LIMA — It was barely 8 a.m. and cars were already lined up around the parking lot at Northland Plaza and almost two blocks down North Main Street, all waiting to receive food from cold, yet smiling volunteers braving the 12 degree temperatures to help their neighbors.
This scene was made possible by The Big Drop, a massive food distribution event organized by Community United Methodist Church and the West Ohio Food Bank with the support of other area churches and businesses.
“I would safely say this is our largest single distribution of the year,” said Gary Bright, CEO of the West Ohio Food Bank. “It’s somewhere between 70,000 and 80,000 pounds of food given out in one day.”
For Michele Imler, the missions director at Community United Methodist Church, previous experience with this event made for a smooth distribution this time around.
“This is the fourth time we’ve done it, and I think we’ve got all the kinks out,” she said. “We’re getting very organized.”
Imler was amazed at the generous response from the community in helping to make this event happen.
“I bet we had 300 volunteers over the course of the week to bring this all together,” she said. “I had no problem filling enough volunteer positions. I even had people calling yesterday wanting to help. We’re coming past the holiday season, and people are still in their hearts wanting to help.”
“The church, through Harvest for the Hungry, has got a great group of volunteers here,” Bright said. “The trucking companies really helped us out, through Dancer Logistics, Wannemacher Trucking and Stoops Freightliner. They all helped get these semitrailers here, along with working out all the logistics, since we at the Food Bank don’t have semis anymore.”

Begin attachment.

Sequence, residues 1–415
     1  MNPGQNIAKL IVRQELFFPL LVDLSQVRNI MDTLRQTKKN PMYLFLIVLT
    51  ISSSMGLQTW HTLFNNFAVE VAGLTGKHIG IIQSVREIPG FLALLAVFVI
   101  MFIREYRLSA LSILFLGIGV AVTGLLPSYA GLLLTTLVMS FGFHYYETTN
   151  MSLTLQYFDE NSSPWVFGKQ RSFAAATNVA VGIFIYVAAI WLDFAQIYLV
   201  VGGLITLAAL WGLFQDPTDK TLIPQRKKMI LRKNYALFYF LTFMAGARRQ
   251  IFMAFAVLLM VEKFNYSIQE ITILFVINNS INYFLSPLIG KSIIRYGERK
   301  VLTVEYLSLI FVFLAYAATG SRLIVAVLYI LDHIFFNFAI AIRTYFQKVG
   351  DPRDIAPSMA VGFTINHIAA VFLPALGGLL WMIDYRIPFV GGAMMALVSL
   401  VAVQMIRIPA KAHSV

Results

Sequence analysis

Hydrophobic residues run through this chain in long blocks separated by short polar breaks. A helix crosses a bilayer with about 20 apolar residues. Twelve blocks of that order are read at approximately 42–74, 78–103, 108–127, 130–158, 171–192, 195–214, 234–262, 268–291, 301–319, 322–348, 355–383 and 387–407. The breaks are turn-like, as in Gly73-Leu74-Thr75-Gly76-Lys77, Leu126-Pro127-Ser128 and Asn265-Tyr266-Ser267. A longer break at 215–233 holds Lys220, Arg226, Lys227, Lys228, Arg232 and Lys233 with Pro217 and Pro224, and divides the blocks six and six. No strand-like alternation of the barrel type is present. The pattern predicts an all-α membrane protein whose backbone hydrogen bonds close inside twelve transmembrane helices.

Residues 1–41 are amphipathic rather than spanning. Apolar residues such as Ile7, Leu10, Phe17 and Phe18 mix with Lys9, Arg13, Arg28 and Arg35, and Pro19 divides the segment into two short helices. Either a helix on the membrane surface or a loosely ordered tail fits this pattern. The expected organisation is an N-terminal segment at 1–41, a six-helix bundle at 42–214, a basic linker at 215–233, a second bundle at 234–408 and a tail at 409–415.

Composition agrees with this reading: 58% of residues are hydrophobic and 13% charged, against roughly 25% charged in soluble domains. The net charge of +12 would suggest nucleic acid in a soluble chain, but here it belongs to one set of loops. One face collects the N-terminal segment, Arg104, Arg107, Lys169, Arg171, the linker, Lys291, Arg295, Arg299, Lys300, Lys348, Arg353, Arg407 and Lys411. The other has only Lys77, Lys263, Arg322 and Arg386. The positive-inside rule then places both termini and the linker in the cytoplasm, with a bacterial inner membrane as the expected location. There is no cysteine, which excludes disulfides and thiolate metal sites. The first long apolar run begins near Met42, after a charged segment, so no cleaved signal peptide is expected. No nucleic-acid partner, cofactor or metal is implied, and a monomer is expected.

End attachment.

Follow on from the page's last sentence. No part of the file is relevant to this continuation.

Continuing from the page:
Volunteers distributed a total of 3,000 boxes of food, enough to feed 1,500 families, with each family receiving a bag of potatoes, a bag of apples, a box of dry goods and a box of frozen food.
“It’s a good mixture of things, enough to feed the families as nutritiously as we can,” Imler said.
The timing for this distribution was deliberate, as statistics verify that January is a month where food shortages are felt the most among needy families. For Imler, these events bring out a wide variety of people with an equally wide variety of backgrounds, all who share a common need.
“People are hurting for all kinds of reasons,” she said. “Maybe they don’t have food because of situations we have no idea about, but they’re here and they need the food, and we have people who want to serve them.”
Bright was pleased that this event highlights a pressing need in the community.
“This helps with awareness, letting people know that hunger is still out there,” he said. “A good thing to keep in mind too is we have 30 or so soup pantries and kitchens doing this 365 days a year.”
For this day, at least, each volunteer was able to leave knowing they helped a large number of people in need.
“It feels good to do things for the community,” volunteer Dave Johnson said. “It’s great to make people smile. “